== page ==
Just a few days before the holiday, the Commonwealth Court of Pennsylvania issued a decision awarding it a $3.9 million refund in a challenge to the structure of the net loss carryover (NLC) provision of Pennsylvania’s Corporate Net Income Tax. Nextel Comms. of the Mid-Atlantic, Inc. v. Commonwealth, No. 98 F.R. 2012, 2015 Pa. Commw. LEXIS 520 (Pa. Commw. Nov. 23, 2015). Nextel’s argument was that the structure of the NLC provision improperly treated taxpayers differently based upon their income, in violation of the Uniformity Clause of the Pennsylvania Constitution, which provides that “[a]ll taxes shall be uniform, upon the same class of subjects, within the territorial limits of the authority levying the tax. . . .” PA. CONST. art. VIII, § 1.
The Commonwealth Court accepted Nextel’s argument and held that the NLC provision violated the uniformity requirement; the problem was that the NLC deduction had a cap structure that limited the deduction to the greater of a percentage of taxable income or a flat dollar amount. Nextel, 2015 Pa. Commw. LEXIS 520 at *4-*5. In the court’s view, this created as situation in which some corporations escaped the tax altogether solely because their taxable income fell below the flat dollar cap. Id. at *18-*20. The dissenting judges agreed that the structure of the NLC provision was improper; they only quarreled with the majority’s decision to award a refund as the remedy.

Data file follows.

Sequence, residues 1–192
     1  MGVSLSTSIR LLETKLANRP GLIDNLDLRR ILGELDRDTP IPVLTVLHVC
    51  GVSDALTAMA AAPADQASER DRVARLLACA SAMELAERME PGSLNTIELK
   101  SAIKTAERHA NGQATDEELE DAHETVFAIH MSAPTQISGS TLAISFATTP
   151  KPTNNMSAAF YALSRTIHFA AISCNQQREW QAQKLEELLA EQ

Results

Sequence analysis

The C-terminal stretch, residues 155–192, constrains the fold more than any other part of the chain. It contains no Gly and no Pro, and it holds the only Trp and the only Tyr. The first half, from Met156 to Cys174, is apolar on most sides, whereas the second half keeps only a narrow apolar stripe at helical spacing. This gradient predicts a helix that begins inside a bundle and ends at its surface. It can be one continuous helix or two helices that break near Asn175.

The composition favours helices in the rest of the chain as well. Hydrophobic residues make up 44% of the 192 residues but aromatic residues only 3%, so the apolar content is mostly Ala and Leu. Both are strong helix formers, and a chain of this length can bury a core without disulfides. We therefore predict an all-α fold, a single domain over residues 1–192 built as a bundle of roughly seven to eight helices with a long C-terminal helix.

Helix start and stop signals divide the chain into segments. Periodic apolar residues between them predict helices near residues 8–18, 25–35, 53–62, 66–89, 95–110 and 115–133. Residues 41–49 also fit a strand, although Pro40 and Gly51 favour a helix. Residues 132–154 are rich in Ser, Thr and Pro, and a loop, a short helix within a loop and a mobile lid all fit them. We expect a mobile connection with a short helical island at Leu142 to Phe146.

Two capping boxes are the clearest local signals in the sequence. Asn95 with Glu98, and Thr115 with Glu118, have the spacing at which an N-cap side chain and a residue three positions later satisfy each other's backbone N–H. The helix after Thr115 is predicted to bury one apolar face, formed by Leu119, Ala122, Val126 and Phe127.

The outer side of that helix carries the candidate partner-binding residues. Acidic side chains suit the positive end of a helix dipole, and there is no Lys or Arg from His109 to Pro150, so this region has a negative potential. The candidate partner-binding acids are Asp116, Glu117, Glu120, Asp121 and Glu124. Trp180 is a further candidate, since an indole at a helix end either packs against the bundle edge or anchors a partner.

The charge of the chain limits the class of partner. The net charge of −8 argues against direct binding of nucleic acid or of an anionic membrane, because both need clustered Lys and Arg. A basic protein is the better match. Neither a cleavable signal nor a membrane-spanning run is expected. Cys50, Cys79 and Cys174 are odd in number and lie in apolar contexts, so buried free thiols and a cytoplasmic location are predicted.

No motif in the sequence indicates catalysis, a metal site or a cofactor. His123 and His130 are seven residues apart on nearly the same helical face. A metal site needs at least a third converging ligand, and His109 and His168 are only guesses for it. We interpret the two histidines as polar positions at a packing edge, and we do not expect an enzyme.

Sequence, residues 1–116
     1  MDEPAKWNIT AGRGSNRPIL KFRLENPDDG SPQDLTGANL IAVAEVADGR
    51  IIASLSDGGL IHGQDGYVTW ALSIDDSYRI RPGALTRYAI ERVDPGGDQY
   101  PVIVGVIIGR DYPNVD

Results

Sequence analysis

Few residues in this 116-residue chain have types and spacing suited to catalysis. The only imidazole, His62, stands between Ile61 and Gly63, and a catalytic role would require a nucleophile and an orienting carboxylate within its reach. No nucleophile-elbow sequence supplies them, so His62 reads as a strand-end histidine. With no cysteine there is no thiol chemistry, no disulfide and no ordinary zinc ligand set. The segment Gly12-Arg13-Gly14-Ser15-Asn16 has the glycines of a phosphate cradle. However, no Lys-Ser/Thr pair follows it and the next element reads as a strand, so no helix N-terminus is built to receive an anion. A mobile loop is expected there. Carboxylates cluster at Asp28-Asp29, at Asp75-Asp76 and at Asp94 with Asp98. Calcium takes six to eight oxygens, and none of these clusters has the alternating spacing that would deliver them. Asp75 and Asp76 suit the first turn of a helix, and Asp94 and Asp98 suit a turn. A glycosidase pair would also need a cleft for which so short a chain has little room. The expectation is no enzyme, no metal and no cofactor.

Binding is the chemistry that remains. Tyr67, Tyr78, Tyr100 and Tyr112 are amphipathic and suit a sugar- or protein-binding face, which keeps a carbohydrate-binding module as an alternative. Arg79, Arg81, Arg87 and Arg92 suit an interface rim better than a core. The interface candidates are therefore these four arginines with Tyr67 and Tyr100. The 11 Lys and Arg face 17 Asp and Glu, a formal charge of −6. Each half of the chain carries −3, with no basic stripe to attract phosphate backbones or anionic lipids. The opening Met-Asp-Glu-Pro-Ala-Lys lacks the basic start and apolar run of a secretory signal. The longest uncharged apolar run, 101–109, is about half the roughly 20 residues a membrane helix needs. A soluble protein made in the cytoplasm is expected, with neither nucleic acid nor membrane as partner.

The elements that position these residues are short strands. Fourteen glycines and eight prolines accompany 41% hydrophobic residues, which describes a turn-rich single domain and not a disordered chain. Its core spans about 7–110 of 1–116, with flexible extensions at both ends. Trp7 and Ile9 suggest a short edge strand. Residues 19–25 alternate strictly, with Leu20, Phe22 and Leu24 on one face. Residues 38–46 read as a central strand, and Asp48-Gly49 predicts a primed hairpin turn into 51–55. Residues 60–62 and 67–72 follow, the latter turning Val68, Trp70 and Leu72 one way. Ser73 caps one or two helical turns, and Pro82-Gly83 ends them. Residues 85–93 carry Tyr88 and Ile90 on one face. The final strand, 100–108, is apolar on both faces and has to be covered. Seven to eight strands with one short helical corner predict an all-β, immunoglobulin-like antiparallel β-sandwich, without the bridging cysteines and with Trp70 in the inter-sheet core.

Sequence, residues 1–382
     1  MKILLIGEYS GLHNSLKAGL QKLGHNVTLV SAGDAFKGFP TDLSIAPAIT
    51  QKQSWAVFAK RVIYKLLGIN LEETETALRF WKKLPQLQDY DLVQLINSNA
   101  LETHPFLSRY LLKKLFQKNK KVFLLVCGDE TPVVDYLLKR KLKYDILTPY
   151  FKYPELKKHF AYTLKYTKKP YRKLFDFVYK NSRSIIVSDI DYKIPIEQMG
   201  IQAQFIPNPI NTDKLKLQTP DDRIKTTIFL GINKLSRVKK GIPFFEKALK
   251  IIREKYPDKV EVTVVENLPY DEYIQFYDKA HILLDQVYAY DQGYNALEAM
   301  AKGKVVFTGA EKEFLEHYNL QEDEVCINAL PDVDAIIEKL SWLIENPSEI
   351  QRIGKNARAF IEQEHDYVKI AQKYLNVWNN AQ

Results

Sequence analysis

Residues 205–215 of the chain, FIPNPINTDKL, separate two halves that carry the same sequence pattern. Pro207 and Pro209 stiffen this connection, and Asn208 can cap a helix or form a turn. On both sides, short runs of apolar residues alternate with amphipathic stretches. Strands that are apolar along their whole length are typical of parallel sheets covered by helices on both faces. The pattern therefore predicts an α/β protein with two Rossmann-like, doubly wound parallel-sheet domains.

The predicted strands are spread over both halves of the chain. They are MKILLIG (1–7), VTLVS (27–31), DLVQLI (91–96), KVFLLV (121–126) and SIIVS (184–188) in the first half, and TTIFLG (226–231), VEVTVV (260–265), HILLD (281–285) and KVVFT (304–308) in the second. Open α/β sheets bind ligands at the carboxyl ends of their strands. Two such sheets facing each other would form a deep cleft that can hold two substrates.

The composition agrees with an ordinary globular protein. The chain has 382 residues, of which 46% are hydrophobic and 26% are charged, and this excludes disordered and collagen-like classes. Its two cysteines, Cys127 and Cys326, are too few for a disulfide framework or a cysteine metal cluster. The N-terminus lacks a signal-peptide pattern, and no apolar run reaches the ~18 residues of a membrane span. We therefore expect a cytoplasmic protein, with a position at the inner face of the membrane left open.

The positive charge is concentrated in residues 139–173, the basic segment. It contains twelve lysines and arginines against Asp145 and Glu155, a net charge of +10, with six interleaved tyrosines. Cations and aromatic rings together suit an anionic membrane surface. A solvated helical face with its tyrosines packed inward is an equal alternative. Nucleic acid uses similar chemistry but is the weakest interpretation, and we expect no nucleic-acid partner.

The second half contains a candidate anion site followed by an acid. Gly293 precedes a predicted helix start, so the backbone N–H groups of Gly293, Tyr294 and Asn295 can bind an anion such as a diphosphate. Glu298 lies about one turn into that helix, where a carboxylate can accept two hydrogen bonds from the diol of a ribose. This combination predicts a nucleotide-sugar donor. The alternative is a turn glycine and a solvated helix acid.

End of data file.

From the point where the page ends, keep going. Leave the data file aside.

Nextel is a very important opinion for corporations subject to tax in Pennsylvania, and normally it would merit extended discussion here. Last week, however, I was one of several Pennsylvania practitioners interviewed by Jennifer McLoughlin of Bloomberg’ BNA’s Daily Tax Report, and her article provides an excellent analysis of the case and its implications.
You can read Jennifer’s article here >> $3.9M Refund to Sprint Subsidiary Signals Potential Relief for Corporate Taxpayers.